What business owners need to know about intellectual property law
By Ginny McCabe
Intellectual property rights in the United States are significant to the business community, no matter the size of your business. We spoke with one Ohio expert, who shared what businesses need to know to avoid intellectual property infringement and how to best protect their most valuable, often intangible, assets.
According to Tom Humphrey, a partner at Wood, Herron & Evans, LLP, which is based out of Cincinnati, there are four types of intellectual property—patents, copyrights, trademarks and trade secrets.
Unauthorized use of intellectual property (IP) is enforceable by federal law, and it can have significant consequences for businesses. IP infringement can occur anytime a protected work is copied or used without the owner’s permission.
“Generally, I begin with trademarks. ‘Trademark’ is a general category for things that are about brand and company identity. There’s federal law on this, and there’s state law on this, and there’s multiple systems of registration of trademarks, but then, there’s also protection, even if you don’t register a trademark. So, it’s a multiple-faceted legal structure, but all of it is designed to protect corporate identity and product identity from confusion,” Humphrey explains.
The most valuable intellectual property that companies have in many cases are their brand names. The authority of the trademark law is about protecting those brand names, where others cannot trade off an identity that ought to be exclusive to one party, Humphrey says.
“The second one we talk about is copyright. The copyright is a protection for creative material that is captured in some kind of written, or documented, form. Photographs, paintings and other creative content is protected by a copyright. Now, importantly, it’s not about concepts. So, if you copyright a recipe, it doesn’t mean someone else can’t make that food, and it also doesn’t mean somebody else can’t decide how to make the food using different words than your words in your recipe,” Humphrey says. “It is basically the right that protects you from being stolen from.”
Copyrights apply to tangible and intangible creative works, such as musical compositions, movies and other creative expressions.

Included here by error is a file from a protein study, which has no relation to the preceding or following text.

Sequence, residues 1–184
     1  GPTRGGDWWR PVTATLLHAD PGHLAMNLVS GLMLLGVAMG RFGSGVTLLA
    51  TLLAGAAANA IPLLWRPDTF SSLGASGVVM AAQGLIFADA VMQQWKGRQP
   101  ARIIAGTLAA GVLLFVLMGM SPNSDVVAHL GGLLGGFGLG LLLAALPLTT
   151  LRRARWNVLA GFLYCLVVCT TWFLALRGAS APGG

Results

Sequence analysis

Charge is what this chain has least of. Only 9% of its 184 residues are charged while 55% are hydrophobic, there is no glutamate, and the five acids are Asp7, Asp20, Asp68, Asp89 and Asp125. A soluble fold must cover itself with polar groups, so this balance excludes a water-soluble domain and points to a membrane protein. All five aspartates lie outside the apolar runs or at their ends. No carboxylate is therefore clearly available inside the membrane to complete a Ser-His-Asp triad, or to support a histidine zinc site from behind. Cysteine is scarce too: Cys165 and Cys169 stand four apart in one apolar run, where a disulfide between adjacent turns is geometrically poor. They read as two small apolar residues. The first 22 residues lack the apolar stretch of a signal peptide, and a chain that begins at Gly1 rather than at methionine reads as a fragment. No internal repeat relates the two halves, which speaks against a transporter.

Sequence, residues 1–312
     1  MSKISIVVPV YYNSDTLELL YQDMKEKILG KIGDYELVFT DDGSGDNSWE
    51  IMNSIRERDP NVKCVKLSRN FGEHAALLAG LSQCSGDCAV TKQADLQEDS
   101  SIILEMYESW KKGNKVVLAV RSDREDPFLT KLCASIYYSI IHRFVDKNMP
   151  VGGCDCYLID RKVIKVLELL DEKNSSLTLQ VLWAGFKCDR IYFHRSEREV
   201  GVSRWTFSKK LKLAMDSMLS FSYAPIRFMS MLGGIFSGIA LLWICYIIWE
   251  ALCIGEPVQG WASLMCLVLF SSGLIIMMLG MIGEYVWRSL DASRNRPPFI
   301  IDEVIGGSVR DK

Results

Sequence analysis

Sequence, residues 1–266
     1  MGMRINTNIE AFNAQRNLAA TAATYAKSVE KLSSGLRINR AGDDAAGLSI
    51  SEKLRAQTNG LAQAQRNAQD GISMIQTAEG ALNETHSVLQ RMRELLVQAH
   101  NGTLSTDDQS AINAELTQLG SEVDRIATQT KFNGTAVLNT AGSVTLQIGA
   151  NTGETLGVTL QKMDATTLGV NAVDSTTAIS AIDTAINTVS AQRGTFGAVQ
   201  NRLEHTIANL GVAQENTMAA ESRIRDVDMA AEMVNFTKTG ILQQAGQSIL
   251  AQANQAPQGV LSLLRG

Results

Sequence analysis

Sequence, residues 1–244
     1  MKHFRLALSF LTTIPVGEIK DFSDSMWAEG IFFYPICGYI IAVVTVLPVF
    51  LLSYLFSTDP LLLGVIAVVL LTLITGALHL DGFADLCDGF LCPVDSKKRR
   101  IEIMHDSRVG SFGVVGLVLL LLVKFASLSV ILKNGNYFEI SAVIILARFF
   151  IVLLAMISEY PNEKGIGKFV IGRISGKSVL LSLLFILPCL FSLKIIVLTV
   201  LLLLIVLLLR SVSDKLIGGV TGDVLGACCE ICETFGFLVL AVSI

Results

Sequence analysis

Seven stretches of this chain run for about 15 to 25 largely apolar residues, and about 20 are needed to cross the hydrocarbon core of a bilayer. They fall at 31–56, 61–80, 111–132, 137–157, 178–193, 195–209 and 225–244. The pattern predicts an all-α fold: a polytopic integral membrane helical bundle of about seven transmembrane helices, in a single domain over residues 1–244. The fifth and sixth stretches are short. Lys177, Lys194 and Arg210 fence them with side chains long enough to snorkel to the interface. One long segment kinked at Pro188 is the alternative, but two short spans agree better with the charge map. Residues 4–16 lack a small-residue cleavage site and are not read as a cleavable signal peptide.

“Patents are another form of intellectual property. What patents are is a system of registration with the government, where you say, … I have created a unique recipe for a tortilla with a particular beef and spice combination that nobody has ever done before, and it’s super tasty, and you go to the patent office and you say, ‘I want to get a government patent that says I have exclusive rights to make that for at least the next 20 years.’ You basically ask the government to recognize, or to agree that you are the person that created that idea, and no one else had that idea before you, and that idea is exclusively yours for a limited period of time,” Humphrey says.
Commonly, patents are granted for machines, and the way a machine works, for an electronic system or computer system, a chemical formula, or refining oil, he says.
“All of them come back to this idea that I have done something that nobody else has done before, and I want protection of my concept,” Humphrey says. “This one is different from the others because you do have to go through the government to get it. You have to ask for it, you have to apply, and you have to wait for them to get around to you, which can take a couple of years, and then you have to convince the examiner that you do have something new that hasn’t been done before.”
A trade secret is basically the idea that the government will help you if you keep a secret as part of your business. Famous trade secrets include recipes for brands, such as Kentucky Fried Chicken and Coca-Cola.
“With the proverbial Coca-Cola secret formula, nobody knows exactly what makes those spices that go into Coca-Cola, and Coca-Cola works hard to try keep only a limited number of people knowing that, and they all have confidentiality agreements, that say, ‘It’s a trade secret,’” says Humphrey. “If someone takes and starts making use of that secret, it’s unauthorized use, or if they threaten to publish it, the government will help you. The courts will recognize your right to have your secrets kept secret.”
Humphrey says intellectual property rights are a key component in business valuation. He urges companies to plan and take the necessary steps to protect themselves when it comes to intellectual property.